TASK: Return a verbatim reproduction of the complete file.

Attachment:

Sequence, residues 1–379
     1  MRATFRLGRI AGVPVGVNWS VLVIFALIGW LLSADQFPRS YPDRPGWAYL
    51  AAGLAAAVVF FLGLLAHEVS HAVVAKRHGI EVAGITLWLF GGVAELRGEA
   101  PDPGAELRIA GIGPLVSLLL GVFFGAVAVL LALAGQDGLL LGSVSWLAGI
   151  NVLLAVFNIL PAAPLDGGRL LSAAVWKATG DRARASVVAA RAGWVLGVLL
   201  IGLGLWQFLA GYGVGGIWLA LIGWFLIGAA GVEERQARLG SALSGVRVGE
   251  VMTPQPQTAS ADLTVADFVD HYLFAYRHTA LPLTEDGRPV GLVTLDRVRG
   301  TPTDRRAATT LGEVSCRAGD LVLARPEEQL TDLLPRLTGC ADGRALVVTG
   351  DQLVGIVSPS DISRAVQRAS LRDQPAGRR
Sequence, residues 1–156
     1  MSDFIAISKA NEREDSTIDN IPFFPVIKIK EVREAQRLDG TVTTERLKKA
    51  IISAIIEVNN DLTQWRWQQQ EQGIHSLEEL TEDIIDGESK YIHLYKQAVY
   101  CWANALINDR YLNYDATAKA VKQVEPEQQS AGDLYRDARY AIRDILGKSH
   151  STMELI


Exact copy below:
Sequence, residues 1–379
     1  MRATFRLGRI AGVPVGVNWS VLVIFALIGW LLSADQFPRS YPDRPGWAYL
    51  AAGLAAAVVF FLGLLAHEVS HAVVAKRHGI EVAGITLWLF GGVAELRGEA
   101  PDPGAELRIA GIGPLVSLLL GVFFGAVAVL LALAGQDGLL LGSVSWLAGI
   151  NVLLAVFNIL PAAPLDGGRL LSAAVWKATG DRARASVVAA RAGWVLGVLL
   201  IGLGLWQFLA GYGVGGIWLA LIGWFLIGAA GVEERQARLG SALSGVRVGE
   251  VMTPQPQTAS ADLTVADFVD HYLFAYRHTA LPLTEDGRPV GLVTLDRVRG
   301  TPTDRRAATT LGEVSCRAGD LVLARPEEQL TDLLPRLTGC ADGRALVVTG
   351  DQLVGIVSPS DISRAVQRAS LRDQPAGRR
Sequence, residues 1–156
     1  MSDFIAISKA NEREDSTIDN IPFFPVIKIK EVREAQRLDG TVTTERLKKA
    51  IISAIIEVNN DLTQWRWQQQ EQGIHSLEEL TEDIIDGESK YIHLYKQAVY
   101  CWANALINDR YLNYDATAKA VKQVEPEQQS AGDLYRDARY AIRDILGKSH
   151  STMELI